Pour that paste into a sauce pan. For ever pound of raw rosehips you need a pound of sugar. We recommend brown sugar to get the full effect.

Add everything to the sauce pan, and add a bit of water to thin it out. Not too much if you’re not going to simmer it all day. Now, keep in mind rosehips have barely any pectin. This means one of two things.

You either let it thicken as much as it naturally can, and go with the traditional version – about as runny as honey. Or you add some powdered pectin and get a thicker result, but the flavor will be a little different. It’s really up to you can how old school you want to do this.

The rosehip jam should be slightly tangy, molasses-y, sweet, not very acidic. It will end up looking like a burnt red with a slight brown hue. We recommend serving with fresh bread, butter or cream cheese, and a glass of lukewarm milk.

Don’t touch the hairs inside the shells

Let’s explain those hairs a little bit. What are they ? Well we’re not terribly sure but we know they grow all over the outside of each seed. They’re very irritating, and if you were to add the seeds and hairs to the jam you’d have a very itchy, um, mess the next day. The dame way you get a spicy mess after a really hot curry.

In fact those little hairs are well known as the main ingredient in itching powder. We don’t want to explain that one because the potential for mischief it way too high.

Rosehip is very high in vitamin C

A very interesting point about rosehips – they’ve got the highest vitamin C content of anything, ever. Just 100 grams of raw rosehip have 426 mg of vitamin C. For comparison:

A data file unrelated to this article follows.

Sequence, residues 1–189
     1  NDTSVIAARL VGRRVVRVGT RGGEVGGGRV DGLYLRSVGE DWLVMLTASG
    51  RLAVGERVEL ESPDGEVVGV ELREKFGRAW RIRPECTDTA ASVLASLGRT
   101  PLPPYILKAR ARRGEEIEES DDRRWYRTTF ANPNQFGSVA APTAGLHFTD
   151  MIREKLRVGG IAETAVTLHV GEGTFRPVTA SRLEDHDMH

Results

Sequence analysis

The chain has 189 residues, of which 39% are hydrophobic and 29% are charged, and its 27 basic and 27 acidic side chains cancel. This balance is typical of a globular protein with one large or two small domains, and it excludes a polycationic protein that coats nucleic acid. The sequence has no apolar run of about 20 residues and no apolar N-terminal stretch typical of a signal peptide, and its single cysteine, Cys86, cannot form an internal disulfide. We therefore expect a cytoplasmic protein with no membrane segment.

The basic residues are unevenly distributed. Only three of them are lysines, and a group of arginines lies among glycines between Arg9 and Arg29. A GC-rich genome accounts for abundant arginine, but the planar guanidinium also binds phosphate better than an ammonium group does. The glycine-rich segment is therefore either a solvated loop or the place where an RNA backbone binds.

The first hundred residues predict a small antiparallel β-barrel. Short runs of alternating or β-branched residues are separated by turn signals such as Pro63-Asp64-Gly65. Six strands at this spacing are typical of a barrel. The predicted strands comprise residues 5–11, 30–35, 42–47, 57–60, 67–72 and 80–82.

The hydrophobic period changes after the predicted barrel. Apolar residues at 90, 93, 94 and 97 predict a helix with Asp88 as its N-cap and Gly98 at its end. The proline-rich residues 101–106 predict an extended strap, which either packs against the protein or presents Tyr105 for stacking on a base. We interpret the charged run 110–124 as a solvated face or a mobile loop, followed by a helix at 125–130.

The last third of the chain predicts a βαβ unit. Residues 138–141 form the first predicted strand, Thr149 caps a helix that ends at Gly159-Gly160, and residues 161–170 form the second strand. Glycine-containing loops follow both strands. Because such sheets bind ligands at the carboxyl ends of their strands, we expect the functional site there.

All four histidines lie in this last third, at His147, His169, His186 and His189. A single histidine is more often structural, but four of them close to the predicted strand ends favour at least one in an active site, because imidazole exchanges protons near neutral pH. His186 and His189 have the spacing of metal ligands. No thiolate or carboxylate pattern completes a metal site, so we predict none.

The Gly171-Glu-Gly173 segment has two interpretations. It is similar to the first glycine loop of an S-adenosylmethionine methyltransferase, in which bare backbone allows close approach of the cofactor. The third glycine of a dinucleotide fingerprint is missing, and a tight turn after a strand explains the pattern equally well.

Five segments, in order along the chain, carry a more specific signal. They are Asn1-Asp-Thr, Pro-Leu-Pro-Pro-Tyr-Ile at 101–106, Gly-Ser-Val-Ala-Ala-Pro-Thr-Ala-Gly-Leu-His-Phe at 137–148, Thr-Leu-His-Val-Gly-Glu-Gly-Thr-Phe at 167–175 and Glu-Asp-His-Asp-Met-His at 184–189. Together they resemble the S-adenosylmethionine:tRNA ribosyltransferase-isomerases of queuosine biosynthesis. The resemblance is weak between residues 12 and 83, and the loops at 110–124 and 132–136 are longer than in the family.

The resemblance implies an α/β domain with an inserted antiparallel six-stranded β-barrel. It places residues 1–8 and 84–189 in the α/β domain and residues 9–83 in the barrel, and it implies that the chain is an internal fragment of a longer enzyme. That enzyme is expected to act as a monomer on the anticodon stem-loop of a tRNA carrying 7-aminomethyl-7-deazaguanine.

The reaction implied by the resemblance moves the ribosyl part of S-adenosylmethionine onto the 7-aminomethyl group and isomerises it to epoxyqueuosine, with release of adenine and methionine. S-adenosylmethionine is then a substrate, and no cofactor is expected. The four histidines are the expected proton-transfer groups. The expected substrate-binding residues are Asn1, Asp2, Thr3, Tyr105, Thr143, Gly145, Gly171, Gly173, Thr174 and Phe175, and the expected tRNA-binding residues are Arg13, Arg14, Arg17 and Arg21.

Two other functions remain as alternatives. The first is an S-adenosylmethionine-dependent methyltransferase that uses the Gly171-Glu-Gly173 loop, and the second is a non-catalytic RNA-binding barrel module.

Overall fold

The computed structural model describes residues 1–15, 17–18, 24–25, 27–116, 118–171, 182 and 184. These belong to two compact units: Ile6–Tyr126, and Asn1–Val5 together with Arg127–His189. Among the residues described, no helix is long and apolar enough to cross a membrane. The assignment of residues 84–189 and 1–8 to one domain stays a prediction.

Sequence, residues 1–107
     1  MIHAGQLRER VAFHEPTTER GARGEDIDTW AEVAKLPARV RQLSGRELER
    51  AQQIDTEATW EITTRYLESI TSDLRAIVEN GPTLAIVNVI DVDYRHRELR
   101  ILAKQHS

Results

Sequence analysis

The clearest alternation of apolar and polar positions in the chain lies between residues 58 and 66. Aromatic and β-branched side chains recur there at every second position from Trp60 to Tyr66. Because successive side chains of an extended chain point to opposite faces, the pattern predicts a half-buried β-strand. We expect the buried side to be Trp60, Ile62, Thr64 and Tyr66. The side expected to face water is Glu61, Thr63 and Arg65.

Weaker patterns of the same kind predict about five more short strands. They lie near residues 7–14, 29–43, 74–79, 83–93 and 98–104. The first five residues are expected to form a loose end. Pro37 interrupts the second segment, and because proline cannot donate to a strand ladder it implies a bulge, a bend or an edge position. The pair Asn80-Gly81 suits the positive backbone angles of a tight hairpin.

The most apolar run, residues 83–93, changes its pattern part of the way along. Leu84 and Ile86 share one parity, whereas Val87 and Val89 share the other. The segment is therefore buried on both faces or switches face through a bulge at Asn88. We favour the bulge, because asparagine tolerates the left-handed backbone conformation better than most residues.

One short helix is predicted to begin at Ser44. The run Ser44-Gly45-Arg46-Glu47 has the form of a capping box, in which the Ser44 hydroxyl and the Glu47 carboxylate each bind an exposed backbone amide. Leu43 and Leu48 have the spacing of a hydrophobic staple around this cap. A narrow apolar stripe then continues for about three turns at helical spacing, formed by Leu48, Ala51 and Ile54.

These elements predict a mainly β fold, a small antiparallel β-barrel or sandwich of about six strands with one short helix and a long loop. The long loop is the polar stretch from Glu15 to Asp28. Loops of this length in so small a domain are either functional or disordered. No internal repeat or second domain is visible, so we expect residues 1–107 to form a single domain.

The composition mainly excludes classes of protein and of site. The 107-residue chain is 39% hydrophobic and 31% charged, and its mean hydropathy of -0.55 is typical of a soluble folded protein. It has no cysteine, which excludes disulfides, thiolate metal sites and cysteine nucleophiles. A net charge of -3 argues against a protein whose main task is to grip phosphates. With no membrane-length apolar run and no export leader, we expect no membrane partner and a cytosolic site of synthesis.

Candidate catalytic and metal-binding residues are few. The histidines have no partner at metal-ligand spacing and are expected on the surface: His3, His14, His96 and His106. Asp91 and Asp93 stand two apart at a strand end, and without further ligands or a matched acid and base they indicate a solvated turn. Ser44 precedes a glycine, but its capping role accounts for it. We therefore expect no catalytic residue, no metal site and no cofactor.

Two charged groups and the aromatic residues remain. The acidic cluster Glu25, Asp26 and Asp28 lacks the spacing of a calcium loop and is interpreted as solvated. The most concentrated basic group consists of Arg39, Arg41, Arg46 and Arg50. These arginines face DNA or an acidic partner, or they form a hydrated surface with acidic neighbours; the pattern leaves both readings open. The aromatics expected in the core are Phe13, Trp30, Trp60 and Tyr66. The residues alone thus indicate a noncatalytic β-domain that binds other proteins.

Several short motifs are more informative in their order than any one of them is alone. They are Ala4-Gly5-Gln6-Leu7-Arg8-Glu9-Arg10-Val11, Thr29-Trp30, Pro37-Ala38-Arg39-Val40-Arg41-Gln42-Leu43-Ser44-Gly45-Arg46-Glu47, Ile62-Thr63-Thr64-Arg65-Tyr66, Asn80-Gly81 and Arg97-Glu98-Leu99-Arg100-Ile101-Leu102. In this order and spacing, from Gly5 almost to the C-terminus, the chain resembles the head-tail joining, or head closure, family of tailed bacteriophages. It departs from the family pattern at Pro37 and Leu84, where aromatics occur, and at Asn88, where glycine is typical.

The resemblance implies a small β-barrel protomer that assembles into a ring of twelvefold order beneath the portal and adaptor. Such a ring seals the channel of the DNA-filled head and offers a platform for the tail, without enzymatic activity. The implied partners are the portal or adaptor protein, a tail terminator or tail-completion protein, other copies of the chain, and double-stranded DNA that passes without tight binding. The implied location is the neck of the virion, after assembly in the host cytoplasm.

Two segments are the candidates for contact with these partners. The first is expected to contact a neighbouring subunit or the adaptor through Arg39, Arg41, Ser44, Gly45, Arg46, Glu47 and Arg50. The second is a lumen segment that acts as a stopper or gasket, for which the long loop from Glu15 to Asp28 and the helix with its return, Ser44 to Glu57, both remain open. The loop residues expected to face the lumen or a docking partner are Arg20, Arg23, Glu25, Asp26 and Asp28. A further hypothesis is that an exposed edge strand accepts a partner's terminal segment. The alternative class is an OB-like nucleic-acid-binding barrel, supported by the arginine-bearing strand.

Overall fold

• 100 gr orange – 53.2 mg vitamin C
  • 100 gr lemon – 53 mg vitamin C
  • 100 gr kiwi – 92.7 mg vitamin C
  • 100 gr persimmon – 66 mg vitamin C

And yes you read that right. Rosehips have 8 times more vitamin C than lemons or oranges. Does all of it survive the cooking process ? It turns out not really. Vitamin C is a very sensitive vitamin, it leeches into water and is very heat-sensitive and breaks down.

Still, there’s no proof that rosehip jam has zero vitamin C, since no one has measured it so far. We only know that vitamin C doesn’t survive long cook times that involve water.

Do rose hips turn into roses ?

Wild roses, yes. Not the garden roses one might usually think of. A dog rose has 5 (five) petals, ranging from white to pink and with lots of yellow stamens, containing pollen.

That being said, ornamental roses do have a similar structure to a hip. They just don’t end up developing it, because they never get pollinated since the petals are so many and insects can’t really reach in.

Nearly all ornamental or garden roses are propagated through grafting. This means that a young rose flower is cut from the bush and tied to a cut rose bush. As the plant recovers from the cut, it melds with the rootstock and begins its flowering cycle. Growing roses is actually complicated and maintaining a rose garden is a task on its own.

Read Also:Are Pepper Seeds Edible ?

When is rosehip in season ?

Rosehips are in season in the fall. The weather has to get a little cold, and the fruits have to get a little soft. This means at least a few colder nights.

rosehip season

You will see the hips starting to develop as soon as late August, but they shouldn’t really be picked then. If you’re not wearing a hoodie yet, it’s not time.

A ripe rosehip will be slightly soft. Not mushy, nor wrinkled. If you squish it slightly it should give just a little. The mustaches should have fallen off, or be very easily removed. And remember, the beset place to look for them is in your backyard, or a farmer’s market. If you’re looking for pre-made rosehip jam, try a European market.


I hope this article explained to you what to expect when eating rosehip or rosehip jam which we like very much. I know is not the most popular fruit out there but you don’t know what you miss if you don’t try the delicious rosehip jam.